According to the Vanguard website, the Vanguard S&P 500 Index Fund is down 12.07% YTD as of yesterday’s close. To get an idea of what that return would look like if it were to continue for an entire year, you can annualize the YTD return.

It’s a fairly simple calculation to perform as long as you have the following information:

1. Number of days that have elapsed so far this year. This is easy to calculate if you have access to Excel.

2. The YTD return of the investment that you want to annualize.

The formula for annualizing a ROR is pretty straight forward:

^{1/(#of days/365)}] – 1

The YTD ROR should be expressed as a decimal. Plugging in the Vanguard S&P 500 Index Fund information from above, the equation looks like this:

^{1/(204/365)}] – 1

^{1/(0.55890411)}] – 1

^{1.7892}] – 1

So, a 12.07% loss for the first 204 days of the year equates to a 20.56% loss on an annualized basis.

Now let’s say you are down 12.07% but you purchased this fund on December 31, 2006. How do you annualize that return? The only input that changes in the above formula is the number of days, which is now 570.

^{1/(570/365)}] – 1

^{1/1.5616}] – 1

^{0.640350877}] – 1

Had you purchased an investment on December 31, 2006 that is currently down 12.07% since the time of purchase, your annualized rate of return on that investment would be -7.91%. Not much of a return is it? Anyway, now you know how to annualize your returns. Fun stuff!

First am I:)

This makes me scratch my head, despite tons of mathematical formulas in that skull. The rule is just too complicated for joe6packs. My rules are much better: A) do I make money at the end of the day? B) Is my positive return, if any, greater than that of a CD account? That’s all I want to know.

Just make money, simple.

The formulas illustrated hereinabove, I guess, are used by financial advisers to justify the negative or poor return, just like mortgage/financial companies use off-balance-sheets, level-3 assets, etc, to present their nice performance to share holders:)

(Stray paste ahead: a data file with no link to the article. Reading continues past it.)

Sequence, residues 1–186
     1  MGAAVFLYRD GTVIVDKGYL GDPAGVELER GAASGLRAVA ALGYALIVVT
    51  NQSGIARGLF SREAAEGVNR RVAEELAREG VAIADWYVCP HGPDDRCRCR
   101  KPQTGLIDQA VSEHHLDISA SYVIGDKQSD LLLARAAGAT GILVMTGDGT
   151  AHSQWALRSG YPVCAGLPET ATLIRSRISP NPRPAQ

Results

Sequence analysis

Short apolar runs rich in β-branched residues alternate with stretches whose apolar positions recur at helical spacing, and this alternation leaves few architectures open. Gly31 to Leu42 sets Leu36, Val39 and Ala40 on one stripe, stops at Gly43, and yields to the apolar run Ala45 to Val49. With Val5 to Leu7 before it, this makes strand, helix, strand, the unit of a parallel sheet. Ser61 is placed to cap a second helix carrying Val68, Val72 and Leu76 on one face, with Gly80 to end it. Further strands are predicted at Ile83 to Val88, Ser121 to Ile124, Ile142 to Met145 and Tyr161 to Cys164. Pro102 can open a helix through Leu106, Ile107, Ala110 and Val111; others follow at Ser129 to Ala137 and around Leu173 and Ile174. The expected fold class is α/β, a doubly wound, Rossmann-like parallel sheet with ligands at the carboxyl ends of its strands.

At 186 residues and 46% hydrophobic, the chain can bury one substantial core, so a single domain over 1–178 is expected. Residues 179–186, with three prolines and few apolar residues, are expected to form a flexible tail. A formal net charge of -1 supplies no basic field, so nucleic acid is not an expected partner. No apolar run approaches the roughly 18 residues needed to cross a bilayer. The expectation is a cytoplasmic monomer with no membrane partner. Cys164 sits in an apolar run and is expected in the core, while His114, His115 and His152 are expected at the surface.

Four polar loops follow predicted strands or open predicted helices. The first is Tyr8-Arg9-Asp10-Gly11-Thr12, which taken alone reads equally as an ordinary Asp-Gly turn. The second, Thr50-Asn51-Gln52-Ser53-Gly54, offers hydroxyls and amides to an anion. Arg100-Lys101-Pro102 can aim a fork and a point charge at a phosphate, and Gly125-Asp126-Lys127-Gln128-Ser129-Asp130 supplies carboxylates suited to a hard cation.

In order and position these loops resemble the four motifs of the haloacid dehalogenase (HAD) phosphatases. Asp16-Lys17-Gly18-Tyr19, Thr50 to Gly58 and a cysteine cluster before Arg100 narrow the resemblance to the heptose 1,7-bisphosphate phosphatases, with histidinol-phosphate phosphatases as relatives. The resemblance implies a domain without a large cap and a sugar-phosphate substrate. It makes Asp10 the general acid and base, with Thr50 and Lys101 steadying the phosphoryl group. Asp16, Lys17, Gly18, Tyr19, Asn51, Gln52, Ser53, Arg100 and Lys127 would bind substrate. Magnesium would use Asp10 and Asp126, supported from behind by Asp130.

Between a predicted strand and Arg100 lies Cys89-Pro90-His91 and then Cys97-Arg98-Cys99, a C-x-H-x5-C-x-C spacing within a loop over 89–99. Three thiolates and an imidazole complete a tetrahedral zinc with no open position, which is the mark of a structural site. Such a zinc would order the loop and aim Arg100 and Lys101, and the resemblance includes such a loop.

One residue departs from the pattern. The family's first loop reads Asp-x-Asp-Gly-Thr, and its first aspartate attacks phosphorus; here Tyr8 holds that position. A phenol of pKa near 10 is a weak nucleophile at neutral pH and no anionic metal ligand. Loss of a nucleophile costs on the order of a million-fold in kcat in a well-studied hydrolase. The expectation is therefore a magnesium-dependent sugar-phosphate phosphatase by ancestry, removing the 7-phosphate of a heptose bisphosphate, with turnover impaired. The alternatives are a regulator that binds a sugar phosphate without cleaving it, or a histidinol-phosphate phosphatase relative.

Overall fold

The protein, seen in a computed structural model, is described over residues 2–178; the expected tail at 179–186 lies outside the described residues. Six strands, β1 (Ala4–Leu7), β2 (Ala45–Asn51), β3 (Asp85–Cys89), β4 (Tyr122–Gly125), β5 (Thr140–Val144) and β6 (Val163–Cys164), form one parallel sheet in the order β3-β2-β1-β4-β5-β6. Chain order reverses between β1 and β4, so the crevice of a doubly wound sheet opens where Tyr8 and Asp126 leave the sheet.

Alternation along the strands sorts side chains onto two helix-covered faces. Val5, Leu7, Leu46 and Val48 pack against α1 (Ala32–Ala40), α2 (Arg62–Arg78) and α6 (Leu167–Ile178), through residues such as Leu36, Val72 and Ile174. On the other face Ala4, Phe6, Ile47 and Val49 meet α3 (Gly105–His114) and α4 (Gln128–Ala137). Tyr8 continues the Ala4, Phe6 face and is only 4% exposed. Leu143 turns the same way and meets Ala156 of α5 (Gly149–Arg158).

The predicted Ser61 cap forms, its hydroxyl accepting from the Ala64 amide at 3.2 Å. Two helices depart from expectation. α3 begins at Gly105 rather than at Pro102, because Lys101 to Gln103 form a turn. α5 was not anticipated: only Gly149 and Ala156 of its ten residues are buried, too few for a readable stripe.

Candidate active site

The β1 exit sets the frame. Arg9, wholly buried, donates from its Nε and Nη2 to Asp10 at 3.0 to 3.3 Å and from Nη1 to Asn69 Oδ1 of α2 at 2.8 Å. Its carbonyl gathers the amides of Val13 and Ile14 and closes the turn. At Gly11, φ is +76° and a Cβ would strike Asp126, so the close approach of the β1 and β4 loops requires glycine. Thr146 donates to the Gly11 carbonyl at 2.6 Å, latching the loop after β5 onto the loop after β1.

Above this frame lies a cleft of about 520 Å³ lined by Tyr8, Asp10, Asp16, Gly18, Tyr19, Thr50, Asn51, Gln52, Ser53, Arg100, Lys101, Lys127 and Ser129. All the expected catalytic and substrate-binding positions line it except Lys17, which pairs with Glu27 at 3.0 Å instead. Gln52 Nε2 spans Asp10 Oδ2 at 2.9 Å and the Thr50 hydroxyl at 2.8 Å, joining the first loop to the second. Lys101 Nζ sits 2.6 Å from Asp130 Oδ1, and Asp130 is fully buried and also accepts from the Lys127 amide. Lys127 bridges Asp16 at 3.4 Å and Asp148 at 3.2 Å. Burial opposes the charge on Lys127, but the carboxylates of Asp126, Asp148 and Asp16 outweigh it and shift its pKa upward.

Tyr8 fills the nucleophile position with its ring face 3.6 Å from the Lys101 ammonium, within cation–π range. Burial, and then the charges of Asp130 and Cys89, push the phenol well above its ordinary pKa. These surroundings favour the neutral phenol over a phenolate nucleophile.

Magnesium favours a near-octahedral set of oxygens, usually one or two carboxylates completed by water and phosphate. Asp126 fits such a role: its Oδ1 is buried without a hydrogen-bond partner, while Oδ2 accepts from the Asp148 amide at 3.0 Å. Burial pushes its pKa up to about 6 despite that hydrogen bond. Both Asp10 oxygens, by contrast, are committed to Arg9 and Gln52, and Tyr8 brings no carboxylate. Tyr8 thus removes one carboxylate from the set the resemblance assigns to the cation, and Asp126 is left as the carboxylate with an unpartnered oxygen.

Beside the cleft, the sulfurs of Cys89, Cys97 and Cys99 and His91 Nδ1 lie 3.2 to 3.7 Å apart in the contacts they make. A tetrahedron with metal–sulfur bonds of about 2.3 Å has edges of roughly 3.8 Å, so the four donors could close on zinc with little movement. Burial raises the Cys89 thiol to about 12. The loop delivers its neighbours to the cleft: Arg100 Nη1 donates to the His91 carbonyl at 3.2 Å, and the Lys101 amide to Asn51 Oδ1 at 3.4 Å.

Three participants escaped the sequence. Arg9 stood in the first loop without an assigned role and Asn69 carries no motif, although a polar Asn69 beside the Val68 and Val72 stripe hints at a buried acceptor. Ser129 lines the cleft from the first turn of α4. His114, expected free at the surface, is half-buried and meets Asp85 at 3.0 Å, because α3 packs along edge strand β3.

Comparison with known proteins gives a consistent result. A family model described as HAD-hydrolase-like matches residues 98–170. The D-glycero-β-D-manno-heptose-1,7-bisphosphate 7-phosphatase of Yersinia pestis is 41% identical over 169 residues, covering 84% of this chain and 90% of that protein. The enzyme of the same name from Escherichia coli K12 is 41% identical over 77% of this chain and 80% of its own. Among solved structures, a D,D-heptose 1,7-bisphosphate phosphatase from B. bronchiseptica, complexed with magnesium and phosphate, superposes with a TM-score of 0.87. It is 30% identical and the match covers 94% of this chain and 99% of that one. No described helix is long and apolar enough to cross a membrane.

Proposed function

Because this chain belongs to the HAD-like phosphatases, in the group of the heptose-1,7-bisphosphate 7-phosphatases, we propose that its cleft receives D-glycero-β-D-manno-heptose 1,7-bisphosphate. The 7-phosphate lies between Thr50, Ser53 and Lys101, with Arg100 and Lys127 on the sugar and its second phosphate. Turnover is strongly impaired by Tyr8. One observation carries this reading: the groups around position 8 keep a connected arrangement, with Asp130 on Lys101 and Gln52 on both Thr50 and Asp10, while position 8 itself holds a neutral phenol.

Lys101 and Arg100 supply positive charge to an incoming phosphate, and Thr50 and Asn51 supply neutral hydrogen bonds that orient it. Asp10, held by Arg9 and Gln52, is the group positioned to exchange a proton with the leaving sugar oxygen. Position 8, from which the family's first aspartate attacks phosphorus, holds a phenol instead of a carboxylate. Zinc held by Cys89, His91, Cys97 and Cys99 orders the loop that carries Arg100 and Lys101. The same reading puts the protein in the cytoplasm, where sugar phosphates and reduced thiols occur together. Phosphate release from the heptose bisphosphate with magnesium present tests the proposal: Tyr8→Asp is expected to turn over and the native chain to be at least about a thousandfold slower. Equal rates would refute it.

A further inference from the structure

Wilson,

Actually, most financial advisors would be wanting to keep their clients from knowing how to annualize negative returns since it makes the numbers look worse.

I can follow the formula well enough but don’t really see the point. If I’ve held a security for more than a year, and it’s down 12.07% since I bought it, why do I care what the equivalent rate of return over a year would be? I’m still down 12.07%. Another blogger wrote about some kind of stock buy-back he got in on, and expressed his gains in terms of an annualized rate. The transaction’s over and he can’t make any more money on it, so what is the annualized rate good for?

ebow,

An annualized ROR is good for comparing your performance (or your advisor’s or mutual fund’s performance) with a benchmark.

hey JLP, Do you know anything about sheltering income from tax using federal incentives for investment in natural resources? http://blog.greenwichfinancial.com/2008/05/copyright-2008-greenwich-financial.html

You should care about annualized rate of returns because that’s how financial numbers are typically reported. It’s especially important in merger arbitrage opportunities where you may only be holding a stock for as little as a month just to pick up a percent or two. That 1-2% gain doesn’t look like much, but on a risk/reward basis it’s actually very desirable. Annualizing that 1-2% allows you to compare your performance to major financial indexes historical returns (which are all based on annual returns). It’s not a complex formula, and it will give you a better idea of how an investing strategy should perform over longer periods of time.

Thanks for the formula. I think the second step would be clearer written as (1 + -0.1207)

I have tried to solve the above equation if you divide 1/0.55890411 I got 1.789215685 and not 1.7805 like you got in your example. I used Excel. Please advise. Why?

Leon,

You’re right. I corrected the numbers. Not sure how that happened. Thanks for the catch.